Furthermore, as Nepal lacks the effective communication and Early Warning Systems (EWS) which becomes indecisive and paralysed during the occurrence of the major disasters, development of the competent early warning systems needs to be done and training needs to be provided to the human resources on those. Such actions will ensure the effective implementation of information system which is gender-responsive and such systems will help make the crisis communication easier and reachable amongst the communities living in the most rural areas of the country for crisis management. The first one hour is the Golden Hour in any crisis management hence the communication and rescue both needs handling before the Golden Hour elapsed, to save precious lives.
The disaster risk management strategies need to be accompanied by a careful consideration of its strengths and weaknesses of Nepal's institutional capacity.Moreover, the institutional capacity for disaster mitigation and management must be robust. The immediate rescue component post 2015 earthquake in Nepal was dealt commendably by the frontline organs of the government- the army, armed police, health workers and healthcare centres, however Nepal utterly failed to conduct post-disaster SWOT analysis, to understand it's political and institutional strengths, weaknesses, opportunities and threats, before another pandemic fall upon Nepalese people with 5-year period.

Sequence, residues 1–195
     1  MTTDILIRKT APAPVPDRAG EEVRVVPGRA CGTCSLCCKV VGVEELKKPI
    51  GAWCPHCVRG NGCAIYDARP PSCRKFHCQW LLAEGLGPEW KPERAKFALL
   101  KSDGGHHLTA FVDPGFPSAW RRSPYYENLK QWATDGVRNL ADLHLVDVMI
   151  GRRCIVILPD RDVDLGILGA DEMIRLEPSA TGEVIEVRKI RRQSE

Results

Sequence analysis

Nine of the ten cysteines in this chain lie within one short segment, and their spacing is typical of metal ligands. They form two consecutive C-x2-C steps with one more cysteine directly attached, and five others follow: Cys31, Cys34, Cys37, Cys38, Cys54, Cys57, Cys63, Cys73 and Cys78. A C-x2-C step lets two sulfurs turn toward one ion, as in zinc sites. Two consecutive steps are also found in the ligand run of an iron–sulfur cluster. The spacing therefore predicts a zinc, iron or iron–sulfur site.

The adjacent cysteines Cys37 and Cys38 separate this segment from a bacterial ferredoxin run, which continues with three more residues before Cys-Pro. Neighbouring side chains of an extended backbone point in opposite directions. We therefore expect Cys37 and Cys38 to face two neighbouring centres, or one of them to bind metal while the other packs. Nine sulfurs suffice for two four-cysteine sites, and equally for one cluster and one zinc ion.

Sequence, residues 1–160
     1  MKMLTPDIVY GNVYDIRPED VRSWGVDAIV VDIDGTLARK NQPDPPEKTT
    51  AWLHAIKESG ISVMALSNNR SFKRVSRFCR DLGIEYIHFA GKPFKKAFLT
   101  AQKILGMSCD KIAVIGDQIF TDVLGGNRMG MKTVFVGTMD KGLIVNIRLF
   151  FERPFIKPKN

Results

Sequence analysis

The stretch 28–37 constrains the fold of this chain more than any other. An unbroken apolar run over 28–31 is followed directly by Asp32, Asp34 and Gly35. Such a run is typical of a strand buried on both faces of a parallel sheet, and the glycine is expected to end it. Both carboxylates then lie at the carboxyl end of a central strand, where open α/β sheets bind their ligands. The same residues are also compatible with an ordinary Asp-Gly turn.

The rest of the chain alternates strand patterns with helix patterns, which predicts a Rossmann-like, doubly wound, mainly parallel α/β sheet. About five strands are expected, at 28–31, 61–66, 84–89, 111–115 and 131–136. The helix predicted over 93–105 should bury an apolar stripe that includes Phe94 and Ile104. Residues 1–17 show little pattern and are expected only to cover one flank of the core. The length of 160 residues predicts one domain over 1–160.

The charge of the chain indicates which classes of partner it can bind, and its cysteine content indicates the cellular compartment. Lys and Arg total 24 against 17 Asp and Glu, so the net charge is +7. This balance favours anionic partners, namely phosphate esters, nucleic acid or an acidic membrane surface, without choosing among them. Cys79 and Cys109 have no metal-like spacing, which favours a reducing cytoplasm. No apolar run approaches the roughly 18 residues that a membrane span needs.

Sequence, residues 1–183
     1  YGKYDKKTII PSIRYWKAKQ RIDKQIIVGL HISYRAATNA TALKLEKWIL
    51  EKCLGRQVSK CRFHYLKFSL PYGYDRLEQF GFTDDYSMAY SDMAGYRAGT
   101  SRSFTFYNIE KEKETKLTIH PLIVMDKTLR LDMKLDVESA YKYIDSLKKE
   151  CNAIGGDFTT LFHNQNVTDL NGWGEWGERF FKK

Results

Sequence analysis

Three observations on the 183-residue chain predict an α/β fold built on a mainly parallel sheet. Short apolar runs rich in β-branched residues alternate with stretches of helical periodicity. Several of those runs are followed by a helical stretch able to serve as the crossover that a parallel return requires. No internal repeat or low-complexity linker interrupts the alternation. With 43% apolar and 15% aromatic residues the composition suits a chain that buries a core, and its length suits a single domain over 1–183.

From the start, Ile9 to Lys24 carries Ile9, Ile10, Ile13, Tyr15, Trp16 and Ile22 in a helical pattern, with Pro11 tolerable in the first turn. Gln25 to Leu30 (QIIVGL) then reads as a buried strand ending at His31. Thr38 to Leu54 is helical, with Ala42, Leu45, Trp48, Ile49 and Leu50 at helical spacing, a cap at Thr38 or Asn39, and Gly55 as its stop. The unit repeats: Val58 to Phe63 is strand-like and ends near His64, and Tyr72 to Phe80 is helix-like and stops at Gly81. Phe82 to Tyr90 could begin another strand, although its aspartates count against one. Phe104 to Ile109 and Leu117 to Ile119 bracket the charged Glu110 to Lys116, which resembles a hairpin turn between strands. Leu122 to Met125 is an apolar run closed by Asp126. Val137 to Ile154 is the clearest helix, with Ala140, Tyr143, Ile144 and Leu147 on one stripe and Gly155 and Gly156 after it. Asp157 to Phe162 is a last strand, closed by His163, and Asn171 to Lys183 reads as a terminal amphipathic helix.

The natural hazards are under nobody's control, when it happens it takes the toll. However, it should not add more threats and challenges to the Nepal's sustainable development. Hence, the Government of Nepal should have institutional arrangements in place, that can rapidly respond and cope with any large-scale disasters befallen at any place and anytime of the year. Lastly, government should pledge to strengthen and mainstream DRR in all its development plans and programs and fulfil its commitment towards efficient disaster management in the real sense through coherent actions.
The author holds a Master of Science degree in Gender and Development Studies from the Asian Institute of Technology (AIT), Thailand.